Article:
U.S., Mexico submit joint bid to host ’27 WWC

Sports

The United States and Mexico submitted a joint bid Friday to co-host the 2027 Women’s World Cup that, if successful, would see the North American neighbours stage global soccer’s two showcase events in back-to-back years.

Belgium, Germany and the Netherlands earlier Friday put in a joint bid to be the 2027 hosts, while Brazil put forward its bid to world soccer governing body FIFA last month.

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U.S. Soccer said in a statement that bringing the women’s World Cup to North America would capitalise on a moment of extraordinary growth in women’s sports to deliver a tournament of unprecedented success.

The United States and Mexico, along with Canada, are set to co-host the 2026 men’s World Cup, but rather than viewing that as negative, U.S. Soccer president Cindy Parlow Cone described it as a huge plus.

“This is a pivotal time for women’s soccer,” said Parlow Cone. “The U.S. and Mexico are in a unique position to host a World Cup that will leverage the same venues, infrastructure, and protocols used for the Men’s World Cup just a year prior.

“This will not only unlock the economic potential of women’s soccer, it will send a message to young players around the world that there is no limit to what they can achieve.”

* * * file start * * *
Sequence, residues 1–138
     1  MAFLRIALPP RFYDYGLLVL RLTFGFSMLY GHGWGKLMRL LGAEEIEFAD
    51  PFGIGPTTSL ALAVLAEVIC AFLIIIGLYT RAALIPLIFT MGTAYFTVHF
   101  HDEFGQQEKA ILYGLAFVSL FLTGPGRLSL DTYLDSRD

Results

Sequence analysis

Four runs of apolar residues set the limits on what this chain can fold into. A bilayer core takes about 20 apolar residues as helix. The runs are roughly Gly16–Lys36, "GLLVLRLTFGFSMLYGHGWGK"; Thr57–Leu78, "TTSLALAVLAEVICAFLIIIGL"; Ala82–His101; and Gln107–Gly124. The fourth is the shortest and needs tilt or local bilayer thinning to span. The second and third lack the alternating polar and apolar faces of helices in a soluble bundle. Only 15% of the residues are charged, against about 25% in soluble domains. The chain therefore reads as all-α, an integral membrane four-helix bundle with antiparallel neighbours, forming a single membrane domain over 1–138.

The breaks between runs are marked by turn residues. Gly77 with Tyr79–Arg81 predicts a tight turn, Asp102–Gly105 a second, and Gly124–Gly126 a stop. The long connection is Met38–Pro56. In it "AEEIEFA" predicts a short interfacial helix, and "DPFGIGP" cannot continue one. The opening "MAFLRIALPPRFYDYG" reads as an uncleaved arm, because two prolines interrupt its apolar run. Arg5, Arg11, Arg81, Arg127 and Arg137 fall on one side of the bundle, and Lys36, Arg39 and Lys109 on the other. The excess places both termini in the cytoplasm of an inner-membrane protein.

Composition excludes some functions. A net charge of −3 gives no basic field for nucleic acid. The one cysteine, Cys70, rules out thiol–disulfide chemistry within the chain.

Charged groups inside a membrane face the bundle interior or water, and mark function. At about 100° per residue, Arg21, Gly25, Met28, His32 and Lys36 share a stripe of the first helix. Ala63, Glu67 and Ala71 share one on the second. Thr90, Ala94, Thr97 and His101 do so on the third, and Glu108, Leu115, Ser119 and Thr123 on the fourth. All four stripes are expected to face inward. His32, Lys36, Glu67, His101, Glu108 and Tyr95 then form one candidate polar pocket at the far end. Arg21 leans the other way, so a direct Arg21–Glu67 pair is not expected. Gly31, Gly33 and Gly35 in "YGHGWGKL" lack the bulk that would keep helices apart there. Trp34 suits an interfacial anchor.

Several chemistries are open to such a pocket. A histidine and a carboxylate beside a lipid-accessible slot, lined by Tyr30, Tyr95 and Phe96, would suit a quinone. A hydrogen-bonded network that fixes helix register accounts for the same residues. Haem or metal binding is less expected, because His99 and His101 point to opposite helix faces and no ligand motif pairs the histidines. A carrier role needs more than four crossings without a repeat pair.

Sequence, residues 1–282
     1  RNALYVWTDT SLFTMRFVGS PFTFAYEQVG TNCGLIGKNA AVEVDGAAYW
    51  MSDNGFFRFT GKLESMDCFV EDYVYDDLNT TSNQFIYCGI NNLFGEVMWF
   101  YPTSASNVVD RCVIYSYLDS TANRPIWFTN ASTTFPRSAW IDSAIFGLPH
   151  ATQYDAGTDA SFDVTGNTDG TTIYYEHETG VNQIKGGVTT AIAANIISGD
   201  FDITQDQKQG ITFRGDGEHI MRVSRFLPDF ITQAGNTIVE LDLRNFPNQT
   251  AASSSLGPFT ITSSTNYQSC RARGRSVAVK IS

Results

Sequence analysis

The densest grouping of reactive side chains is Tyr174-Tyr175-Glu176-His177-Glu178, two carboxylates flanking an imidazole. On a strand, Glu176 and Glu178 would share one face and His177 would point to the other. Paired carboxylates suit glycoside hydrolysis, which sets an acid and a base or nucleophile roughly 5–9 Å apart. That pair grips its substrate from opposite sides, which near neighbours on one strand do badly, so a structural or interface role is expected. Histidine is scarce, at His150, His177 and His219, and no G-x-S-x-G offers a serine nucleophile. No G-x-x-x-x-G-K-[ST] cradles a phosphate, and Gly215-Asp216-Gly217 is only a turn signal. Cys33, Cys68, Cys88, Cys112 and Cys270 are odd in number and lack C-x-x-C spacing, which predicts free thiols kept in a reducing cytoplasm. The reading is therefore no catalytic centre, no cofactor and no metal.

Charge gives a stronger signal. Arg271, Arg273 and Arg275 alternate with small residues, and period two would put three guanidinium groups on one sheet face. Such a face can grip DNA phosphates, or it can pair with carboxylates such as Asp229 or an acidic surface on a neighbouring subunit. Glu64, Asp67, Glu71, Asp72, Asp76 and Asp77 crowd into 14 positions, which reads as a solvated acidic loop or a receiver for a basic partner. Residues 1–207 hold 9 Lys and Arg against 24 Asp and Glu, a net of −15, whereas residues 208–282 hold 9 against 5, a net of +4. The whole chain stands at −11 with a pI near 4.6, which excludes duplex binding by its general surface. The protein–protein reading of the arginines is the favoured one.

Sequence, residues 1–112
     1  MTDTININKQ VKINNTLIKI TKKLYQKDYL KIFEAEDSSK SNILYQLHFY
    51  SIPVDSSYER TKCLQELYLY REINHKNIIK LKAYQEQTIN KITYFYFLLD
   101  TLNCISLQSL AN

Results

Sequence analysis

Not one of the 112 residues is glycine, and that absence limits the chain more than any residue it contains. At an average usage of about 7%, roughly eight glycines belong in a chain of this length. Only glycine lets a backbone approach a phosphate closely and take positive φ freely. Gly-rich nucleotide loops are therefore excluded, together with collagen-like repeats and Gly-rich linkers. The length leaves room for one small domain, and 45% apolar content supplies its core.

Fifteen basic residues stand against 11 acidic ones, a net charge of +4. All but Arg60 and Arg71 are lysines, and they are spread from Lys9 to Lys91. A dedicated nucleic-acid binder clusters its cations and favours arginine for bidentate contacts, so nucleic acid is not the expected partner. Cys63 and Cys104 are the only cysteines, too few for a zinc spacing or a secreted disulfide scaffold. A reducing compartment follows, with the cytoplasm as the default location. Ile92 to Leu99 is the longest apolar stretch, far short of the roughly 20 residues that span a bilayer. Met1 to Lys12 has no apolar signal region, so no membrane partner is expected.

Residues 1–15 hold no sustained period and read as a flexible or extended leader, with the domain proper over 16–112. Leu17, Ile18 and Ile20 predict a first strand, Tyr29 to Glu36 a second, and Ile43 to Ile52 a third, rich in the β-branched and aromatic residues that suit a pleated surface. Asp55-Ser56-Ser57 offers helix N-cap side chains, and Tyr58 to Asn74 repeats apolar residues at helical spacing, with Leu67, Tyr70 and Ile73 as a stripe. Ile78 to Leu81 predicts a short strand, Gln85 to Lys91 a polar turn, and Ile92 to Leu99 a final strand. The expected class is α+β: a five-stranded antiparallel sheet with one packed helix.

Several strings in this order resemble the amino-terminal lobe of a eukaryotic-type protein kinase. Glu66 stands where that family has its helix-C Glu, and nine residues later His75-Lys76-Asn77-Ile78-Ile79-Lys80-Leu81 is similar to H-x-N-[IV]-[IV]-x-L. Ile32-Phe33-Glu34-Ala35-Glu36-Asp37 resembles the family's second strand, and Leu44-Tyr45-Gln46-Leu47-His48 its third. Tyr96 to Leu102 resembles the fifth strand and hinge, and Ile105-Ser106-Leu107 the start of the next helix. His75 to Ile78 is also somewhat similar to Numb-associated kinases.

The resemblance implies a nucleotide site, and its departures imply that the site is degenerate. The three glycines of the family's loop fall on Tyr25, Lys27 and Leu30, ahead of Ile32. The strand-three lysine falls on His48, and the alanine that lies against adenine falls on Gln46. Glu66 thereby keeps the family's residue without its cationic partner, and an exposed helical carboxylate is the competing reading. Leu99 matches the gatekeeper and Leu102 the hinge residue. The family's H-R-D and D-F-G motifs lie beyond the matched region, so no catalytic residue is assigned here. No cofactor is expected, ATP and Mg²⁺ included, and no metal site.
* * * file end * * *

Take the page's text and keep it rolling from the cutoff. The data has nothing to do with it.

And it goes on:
Member associations had until Friday to submit their bids to FIFA. South Africa had also submitted a bid but withdrew last month, saying it felt it was better to present a “well-prepared bid” for the 2031 edition.

“Extensive and detailed consultations between the three federations along with key stakeholders including central governments dates back to 2021,” the Dutch football federation (KNVB) said in a statement accompanying the European nations’ bid.

“This has led to alignment around the belief that our three countries are well placed to stage a FIFA Women’s World Cup 2027 of unparalleled quality and impact.”

FIFA will organise on-site inspection visits to bidding countries in February before the hosts are appointed in May by the FIFA Congress.

The 2023 tournament was co-hosted by Australia and New Zealand this year, with Spain beating England in the final.

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